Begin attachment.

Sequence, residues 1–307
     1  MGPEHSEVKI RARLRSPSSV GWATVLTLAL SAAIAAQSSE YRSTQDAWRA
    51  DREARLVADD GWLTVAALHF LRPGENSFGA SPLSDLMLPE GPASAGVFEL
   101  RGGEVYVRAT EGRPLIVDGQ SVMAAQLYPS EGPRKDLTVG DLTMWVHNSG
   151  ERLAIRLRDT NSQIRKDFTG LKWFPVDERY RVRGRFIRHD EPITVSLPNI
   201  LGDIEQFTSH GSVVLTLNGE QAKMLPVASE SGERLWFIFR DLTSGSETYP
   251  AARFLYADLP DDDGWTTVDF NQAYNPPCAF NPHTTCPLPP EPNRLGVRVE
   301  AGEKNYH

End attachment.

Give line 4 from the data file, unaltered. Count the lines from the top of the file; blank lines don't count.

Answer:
   101  RGGEVYVRAT EGRPLIVDGQ SVMAAQLYPS EGPRKDLTVG DLTMWVHNSG